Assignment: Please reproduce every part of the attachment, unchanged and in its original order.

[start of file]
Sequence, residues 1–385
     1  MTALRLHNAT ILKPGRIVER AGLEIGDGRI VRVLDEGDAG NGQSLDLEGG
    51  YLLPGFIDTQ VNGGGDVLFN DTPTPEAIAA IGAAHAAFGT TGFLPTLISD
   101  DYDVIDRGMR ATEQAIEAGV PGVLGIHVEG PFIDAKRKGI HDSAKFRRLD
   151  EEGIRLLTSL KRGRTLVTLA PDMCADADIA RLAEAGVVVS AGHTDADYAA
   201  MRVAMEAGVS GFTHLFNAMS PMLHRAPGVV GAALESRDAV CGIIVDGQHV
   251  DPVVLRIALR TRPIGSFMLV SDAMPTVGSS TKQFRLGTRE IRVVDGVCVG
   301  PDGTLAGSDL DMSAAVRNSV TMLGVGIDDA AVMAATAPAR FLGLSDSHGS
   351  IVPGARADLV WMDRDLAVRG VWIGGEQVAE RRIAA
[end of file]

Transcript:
Sequence, residues 1–385
     1  MTALRLHNAT ILKPGRIVER AGLEIGDGRI VRVLDEGDAG NGQSLDLEGG
    51  YLLPGFIDTQ VNGGGDVLFN DTPTPEAIAA IGAAHAAFGT TGFLPTLISD
   101  DYDVIDRGMR ATEQAIEAGV PGVLGIHVEG PFIDAKRKGI HDSAKFRRLD
   151  EEGIRLLTSL KRGRTLVTLA PDMCADADIA RLAEAGVVVS AGHTDADYAA
   201  MRVAMEAGVS GFTHLFNAMS PMLHRAPGVV GAALESRDAV CGIIVDGQHV
   251  DPVVLRIALR TRPIGSFMLV SDAMPTVGSS TKQFRLGTRE IRVVDGVCVG
   301  PDGTLAGSDL DMSAAVRNSV TMLGVGIDDA AVMAATAPAR FLGLSDSHGS
   351  IVPGARADLV WMDRDLAVRG VWIGGEQVAE RRIAA